Australia-based slot machine maker Ainsworth Game Technology Ltd expects an AUD15-million (US$11-million) pre-tax loss in the first half of fiscal year 2021, which ends on December 31 this year, says its chief executive Lawrence Levy (pictured in a file photo).
“We cautiously expect the challenging market conditions experienced” up to June 30 this year, “to continue in the first half, fiscal year 2021,” said Mr Levy, referring to the effects on the firm and its casino-sector customers of the Covid-19 pandemic.
“As a result, for first half fiscal-year 2021, we expect to report a loss before tax for the group, excluding the impacts of foreign exchange and one-off items, of approximately AUD15 million which is in line with the company’s expectations given the effect of the September quarter,” he added.
“Our focus remains on protecting Ainsworth Game should a protracted downturn eventuate across global markets,” the CEO also noted.
Mr Levy gave the commentary in an address to shareholders for the group’s annual general meeting on Thursday, outlining for the most part the past fiscal year’s performance.
In August, the firm had said that for the 2020 fiscal year – ending June 30 – it had a AUD43.4-million loss, compared to a prior-year profit of AUD10.9 million. The firm also said it cut 107 posts during fiscal year 2020.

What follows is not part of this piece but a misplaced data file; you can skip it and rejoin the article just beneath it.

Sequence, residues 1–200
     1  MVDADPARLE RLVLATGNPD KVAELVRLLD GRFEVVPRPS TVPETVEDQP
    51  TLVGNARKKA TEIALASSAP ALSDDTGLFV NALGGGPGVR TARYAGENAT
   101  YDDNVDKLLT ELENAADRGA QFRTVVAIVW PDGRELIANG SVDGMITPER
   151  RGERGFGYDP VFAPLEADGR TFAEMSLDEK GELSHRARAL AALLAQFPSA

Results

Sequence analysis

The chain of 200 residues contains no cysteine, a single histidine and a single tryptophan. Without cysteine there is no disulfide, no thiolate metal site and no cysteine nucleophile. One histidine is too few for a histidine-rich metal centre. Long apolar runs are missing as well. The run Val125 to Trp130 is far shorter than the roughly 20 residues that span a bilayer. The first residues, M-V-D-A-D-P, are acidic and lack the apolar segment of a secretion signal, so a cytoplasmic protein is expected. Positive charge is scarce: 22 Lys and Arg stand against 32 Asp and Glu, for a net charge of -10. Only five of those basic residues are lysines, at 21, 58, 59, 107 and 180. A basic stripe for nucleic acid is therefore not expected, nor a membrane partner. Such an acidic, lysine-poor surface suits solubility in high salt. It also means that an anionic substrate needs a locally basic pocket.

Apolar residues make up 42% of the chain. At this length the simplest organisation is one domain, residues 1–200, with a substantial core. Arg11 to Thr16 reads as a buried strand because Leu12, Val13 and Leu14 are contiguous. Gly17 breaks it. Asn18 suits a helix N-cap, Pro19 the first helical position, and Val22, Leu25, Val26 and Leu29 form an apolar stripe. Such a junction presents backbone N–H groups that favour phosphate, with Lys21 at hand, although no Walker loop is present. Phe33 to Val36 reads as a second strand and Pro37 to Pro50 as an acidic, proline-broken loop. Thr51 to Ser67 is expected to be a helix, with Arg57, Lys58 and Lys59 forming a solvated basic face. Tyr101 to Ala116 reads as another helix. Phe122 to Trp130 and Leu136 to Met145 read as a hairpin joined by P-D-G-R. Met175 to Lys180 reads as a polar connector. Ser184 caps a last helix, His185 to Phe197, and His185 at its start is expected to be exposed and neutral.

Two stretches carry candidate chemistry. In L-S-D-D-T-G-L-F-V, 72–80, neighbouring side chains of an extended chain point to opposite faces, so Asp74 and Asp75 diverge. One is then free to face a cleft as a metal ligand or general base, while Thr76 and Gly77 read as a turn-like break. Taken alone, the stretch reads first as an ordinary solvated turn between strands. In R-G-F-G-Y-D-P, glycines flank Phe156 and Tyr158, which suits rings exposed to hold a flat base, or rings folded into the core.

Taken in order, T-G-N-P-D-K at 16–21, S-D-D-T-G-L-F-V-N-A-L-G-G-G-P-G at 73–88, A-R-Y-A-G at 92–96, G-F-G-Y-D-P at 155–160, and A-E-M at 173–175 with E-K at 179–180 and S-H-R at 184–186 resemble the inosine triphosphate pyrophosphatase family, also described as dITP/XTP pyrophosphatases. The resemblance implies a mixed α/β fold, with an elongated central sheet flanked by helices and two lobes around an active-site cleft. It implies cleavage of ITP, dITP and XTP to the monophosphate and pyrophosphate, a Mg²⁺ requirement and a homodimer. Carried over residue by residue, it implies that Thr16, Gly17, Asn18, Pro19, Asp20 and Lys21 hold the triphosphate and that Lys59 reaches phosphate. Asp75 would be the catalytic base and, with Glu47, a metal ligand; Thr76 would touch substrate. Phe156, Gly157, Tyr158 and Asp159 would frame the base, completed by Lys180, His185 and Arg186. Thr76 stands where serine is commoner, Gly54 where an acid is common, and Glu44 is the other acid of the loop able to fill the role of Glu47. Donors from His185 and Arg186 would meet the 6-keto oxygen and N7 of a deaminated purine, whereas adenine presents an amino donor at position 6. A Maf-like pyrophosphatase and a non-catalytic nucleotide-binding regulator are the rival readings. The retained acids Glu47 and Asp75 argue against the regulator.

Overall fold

In his Thursday remarks, the Ainsworth Game CEO noted that a company loan facility with Australia and New Zealand Banking Group Ltd had been “initially reduced to AUD60 million and has been restructured, with previous covenants being replaced with maintenance of minimum liquidity levels and quarterly sales targets”.
As of the first quarter of fiscal year 2021 – ending on September 30 this year – Ainsworth Game had “met these covenants with an expectation that the first half of fiscal year 2021 is on track with our forecasted financial performance”. His speech filed on Thursday to the Australian Securities Exchange, didn’t specify any numbers in that regard.
Mr Levy nonetheless added: “We remain focused on ensuring that our liquidity and balance sheet strengthen during this challenging time.”
In commentary filed last month, Danny Gladstone, the group’s chairman, had said the firm would not reinstate dividends for shareholders until the group’s “markets become more predictable”.